Nid oes gennych resi chwilio datblygedig. Ychwanegwch un trwy glicio ar y botwm '+ Ychwanegu Rhes'

Ysgol Syr Thomas Jones, Amlwch

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Anglesey had been developing plans for comprehensive education as early as 1936 and this purpose-built comprehensive school is the earliest example of Anglesey's pioneering approach to secondary education in the post-war period, being the first such school in Wales and probably Britain. Begun in 1948, to the design of the architect Kenneth M. Raw under the auspices of county architect N. Squire Johnson, the foundation stone was laid by the Secretary of State for Education, D R Hardyman. The school opened officially in 1950 and building work was completed in 1952-3. It is named after the local doctor who first proposed that education on the island should be open to all.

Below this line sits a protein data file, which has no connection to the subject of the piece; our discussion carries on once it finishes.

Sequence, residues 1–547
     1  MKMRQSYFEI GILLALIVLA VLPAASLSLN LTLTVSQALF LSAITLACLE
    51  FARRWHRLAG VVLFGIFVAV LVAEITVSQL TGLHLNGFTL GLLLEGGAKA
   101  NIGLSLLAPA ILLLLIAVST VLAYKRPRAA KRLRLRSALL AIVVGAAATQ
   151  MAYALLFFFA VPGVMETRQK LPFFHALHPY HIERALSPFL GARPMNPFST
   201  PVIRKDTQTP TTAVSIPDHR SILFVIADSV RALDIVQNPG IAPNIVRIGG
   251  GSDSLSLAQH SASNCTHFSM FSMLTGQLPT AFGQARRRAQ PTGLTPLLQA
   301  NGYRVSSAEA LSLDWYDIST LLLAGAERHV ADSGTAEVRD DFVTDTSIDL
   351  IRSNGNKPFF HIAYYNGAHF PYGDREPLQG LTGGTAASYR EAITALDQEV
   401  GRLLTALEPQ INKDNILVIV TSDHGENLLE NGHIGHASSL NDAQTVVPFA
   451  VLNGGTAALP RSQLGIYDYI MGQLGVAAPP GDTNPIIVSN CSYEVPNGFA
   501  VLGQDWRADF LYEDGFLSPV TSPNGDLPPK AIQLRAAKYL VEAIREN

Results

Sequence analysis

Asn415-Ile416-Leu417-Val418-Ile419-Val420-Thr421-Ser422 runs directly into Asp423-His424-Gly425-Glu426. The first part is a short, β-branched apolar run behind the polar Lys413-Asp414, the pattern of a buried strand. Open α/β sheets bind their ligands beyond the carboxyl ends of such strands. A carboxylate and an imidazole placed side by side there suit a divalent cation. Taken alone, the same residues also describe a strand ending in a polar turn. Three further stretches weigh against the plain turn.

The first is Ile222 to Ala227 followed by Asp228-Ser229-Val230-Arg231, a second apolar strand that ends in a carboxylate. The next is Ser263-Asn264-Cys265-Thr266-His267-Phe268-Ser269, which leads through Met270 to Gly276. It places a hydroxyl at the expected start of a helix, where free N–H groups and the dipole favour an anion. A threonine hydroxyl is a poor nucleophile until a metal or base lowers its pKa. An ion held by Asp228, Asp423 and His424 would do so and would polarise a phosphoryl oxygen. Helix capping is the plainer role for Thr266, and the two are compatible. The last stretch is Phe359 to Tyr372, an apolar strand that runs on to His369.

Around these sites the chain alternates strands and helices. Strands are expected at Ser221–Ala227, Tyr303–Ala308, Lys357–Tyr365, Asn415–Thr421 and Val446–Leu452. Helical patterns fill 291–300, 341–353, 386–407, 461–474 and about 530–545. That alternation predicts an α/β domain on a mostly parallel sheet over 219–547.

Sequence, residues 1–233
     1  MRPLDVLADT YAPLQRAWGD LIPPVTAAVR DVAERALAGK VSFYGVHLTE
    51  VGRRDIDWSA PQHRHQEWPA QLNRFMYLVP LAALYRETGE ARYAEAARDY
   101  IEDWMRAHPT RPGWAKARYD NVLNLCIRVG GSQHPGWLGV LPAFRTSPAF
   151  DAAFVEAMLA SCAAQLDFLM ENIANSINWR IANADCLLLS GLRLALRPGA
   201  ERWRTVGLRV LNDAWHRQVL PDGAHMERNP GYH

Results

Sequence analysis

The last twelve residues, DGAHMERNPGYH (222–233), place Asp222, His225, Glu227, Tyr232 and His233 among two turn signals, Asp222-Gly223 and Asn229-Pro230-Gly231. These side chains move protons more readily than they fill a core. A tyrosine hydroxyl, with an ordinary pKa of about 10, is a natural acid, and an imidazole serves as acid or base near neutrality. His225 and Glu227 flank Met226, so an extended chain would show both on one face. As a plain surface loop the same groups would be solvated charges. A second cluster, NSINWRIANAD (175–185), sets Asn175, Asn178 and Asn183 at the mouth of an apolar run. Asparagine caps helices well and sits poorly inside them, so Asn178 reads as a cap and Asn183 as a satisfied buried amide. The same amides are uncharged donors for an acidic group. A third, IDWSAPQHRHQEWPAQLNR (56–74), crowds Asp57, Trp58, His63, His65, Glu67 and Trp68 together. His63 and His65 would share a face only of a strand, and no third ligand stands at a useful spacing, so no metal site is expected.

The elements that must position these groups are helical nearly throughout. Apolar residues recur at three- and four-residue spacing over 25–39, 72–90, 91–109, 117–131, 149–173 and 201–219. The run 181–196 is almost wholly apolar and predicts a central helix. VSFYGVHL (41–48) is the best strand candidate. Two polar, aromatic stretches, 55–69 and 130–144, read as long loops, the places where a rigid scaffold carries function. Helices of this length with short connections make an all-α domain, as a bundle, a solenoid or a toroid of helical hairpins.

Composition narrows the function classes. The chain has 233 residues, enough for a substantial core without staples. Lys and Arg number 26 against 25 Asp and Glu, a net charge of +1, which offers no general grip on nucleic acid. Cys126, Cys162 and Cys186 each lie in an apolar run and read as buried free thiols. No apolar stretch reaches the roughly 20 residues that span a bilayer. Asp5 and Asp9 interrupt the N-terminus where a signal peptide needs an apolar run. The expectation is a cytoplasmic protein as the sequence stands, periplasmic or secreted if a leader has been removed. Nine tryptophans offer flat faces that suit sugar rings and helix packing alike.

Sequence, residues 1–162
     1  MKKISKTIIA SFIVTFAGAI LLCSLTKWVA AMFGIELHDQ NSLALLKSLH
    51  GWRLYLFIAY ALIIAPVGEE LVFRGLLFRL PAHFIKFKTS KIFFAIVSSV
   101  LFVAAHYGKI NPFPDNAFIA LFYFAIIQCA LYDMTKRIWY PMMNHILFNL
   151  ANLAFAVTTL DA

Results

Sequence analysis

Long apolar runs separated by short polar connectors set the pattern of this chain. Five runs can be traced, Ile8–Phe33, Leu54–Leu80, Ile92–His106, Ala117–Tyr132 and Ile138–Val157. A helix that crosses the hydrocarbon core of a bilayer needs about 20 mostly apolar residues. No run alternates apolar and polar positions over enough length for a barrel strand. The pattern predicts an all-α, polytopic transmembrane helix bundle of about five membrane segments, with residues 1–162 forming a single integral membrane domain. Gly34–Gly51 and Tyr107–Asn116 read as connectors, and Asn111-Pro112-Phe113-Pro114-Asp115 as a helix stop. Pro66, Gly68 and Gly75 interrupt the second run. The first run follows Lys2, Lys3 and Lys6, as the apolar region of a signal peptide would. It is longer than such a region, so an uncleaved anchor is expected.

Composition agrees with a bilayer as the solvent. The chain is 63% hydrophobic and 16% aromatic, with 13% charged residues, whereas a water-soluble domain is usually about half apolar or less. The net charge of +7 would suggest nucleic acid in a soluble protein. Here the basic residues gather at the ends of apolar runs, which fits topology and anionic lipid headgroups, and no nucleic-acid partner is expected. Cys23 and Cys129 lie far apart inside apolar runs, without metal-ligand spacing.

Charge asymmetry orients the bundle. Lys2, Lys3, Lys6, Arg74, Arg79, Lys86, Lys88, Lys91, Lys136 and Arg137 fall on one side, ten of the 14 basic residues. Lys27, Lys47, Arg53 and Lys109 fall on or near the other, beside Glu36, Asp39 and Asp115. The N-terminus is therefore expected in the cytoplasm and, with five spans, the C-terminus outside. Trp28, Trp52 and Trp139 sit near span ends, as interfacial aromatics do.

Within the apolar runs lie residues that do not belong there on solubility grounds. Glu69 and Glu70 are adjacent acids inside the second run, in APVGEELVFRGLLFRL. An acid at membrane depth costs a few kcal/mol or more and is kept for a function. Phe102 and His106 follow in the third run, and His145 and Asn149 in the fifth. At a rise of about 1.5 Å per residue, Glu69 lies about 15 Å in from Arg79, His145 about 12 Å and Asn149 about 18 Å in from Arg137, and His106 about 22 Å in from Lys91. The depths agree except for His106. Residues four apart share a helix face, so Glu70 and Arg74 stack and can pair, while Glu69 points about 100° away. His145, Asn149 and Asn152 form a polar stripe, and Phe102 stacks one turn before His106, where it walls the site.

It is a large spreading school, planned to a high specification that was not always sustained in its successors. The central features are a main hall approached by generous steps and a bare stone tower with a flush stone clock face and the proportions of a Cornish engine house. The link with pre-war civic building is clear and it has separate gyms for boys and girls, a hall and a separate canteen. It represents a clear expression of best-practice for post-war secondary educational building. The school is little changed, some schoolrooms were added to the rear of the school, and a modern theatre built in the late twentieth century.

Source: Haslam, Orbach and Voelcker, The Buildings of Wales: Gwynedd. Pevsner Architectural Guide (2009), page 94.

RCAHMW, October 2009.